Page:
Organization in the personality
Jung found empirically that dreams, myths, legends and fairy tales all show how the personality is organized. In this tale the text itself affirms its psychological purpose. By personality I mean all the instincts, memories, images, ideas, affects, feelings, dynamisms and relationships, conscious and unconscious, which constitute a person's psychology. This definition is related to, but different from, what Jung meant by psyche.
A human has a very small number of genes (20-25,000), little more than a microscopic nematode (19,000) which is one of the simplest animals. Moreover, humans evolved from a species of ape - the common ancestor of humans and chimpanzees - within the last five to seven million years.
Nematodes. Microscopic, multicellular, 'tube within a tube' animals, free-living in soil.
Photo: source unknown.
Ardipithecus ramidus.. Earliest known hominid skeleton: 4.4 million years old. Ardipithecus's brain was the same size as that of modern chimpanzees. Ardipithecus shows a point in our evolution when we had developed upright stature but probably were no more informed by spirit and culture than modern apes.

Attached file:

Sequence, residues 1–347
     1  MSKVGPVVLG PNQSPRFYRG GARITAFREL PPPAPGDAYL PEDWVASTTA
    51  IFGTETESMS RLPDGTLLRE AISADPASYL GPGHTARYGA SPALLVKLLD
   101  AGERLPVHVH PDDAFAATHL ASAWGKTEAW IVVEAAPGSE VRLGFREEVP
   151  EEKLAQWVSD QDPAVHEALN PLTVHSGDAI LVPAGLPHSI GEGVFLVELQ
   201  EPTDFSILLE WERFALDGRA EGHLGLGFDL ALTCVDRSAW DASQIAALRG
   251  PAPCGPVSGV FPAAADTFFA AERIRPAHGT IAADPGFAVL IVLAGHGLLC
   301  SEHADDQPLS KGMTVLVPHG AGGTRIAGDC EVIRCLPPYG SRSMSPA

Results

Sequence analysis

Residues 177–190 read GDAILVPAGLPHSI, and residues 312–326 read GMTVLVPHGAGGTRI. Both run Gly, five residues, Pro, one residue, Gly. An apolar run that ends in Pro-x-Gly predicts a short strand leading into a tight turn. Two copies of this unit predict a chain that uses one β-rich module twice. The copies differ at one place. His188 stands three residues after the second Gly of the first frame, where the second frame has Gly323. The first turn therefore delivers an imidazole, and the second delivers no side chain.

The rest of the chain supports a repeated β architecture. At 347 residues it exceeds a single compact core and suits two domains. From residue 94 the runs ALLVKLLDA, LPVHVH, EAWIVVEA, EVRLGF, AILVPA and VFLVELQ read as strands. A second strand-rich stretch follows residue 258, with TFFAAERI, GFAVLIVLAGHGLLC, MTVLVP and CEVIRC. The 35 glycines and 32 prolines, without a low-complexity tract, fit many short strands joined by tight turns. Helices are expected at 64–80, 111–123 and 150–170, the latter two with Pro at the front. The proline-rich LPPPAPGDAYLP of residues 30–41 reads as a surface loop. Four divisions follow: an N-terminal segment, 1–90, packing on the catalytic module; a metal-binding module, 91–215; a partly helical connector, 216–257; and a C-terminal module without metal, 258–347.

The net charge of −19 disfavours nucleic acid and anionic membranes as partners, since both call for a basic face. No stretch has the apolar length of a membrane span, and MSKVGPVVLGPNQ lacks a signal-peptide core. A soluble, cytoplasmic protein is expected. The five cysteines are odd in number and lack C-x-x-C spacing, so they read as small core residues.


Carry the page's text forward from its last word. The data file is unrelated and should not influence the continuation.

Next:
Illustration: J.H. Matternes, Science
These two facts prove that the claim made by evolutionary psychologists (that the human personality has evolved through genetic changes) cannot be true. The rate at which genes mutate is unchanging: seven million years is only long enough to permit a small number of mutations which, it has been proven, achieve their dramatic effects mainly by coding for differences in timing in the process by which a fertilized egg develops into an adult.
For example, one genetically-coded difference between a human and an ape is that, in human development, the cerebral cortex continues to grow in volume for a longer period of time. The result is that a human has a bigger cortex.
The greater complexity of the human cortex cannot be specified for by mutations because, by astronomically large orders of magnitude, there are not enough mutations to do so. Therefore its greater complexity must be specified - during growth - by information absorbed from the environment.
When a child learns to speak, the language centers in the human cortex expand relative to adjacent cortical areas. If the child does not learn to speak, those areas do not expand. Thus the information required for the structure of the language centers in the brain is acquired by learning to speak, that is, from the environment.
(Experiments with ferrets have confirmed this. Visual information from the eyes was surgically redirected to the auditory region of the ferrets' developing cortex: the auditory region became a visual region.)
It follows that the structure of the personality must also be specified almost entirely by information from the environment. Much information comes from interacting with family and peers but information from the wider culture also contributes. For example, wisdom is transmitted through legends and fairy tales. But from whence comes the wisdom contained within fairy tales?